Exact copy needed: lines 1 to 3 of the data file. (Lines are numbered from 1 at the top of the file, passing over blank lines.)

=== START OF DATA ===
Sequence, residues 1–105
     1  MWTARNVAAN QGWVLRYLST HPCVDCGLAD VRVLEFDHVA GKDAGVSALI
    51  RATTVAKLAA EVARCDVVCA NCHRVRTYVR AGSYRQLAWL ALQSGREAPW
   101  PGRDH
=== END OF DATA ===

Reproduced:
Sequence, residues 1–105
     1  MWTARNVAAN QGWVLRYLST HPCVDCGLAD VRVLEFDHVA GKDAGVSALI
    51  RATTVAKLAA EVARCDVVCA NCHRVRTYVR AGSYRQLAWL ALQSGREAPW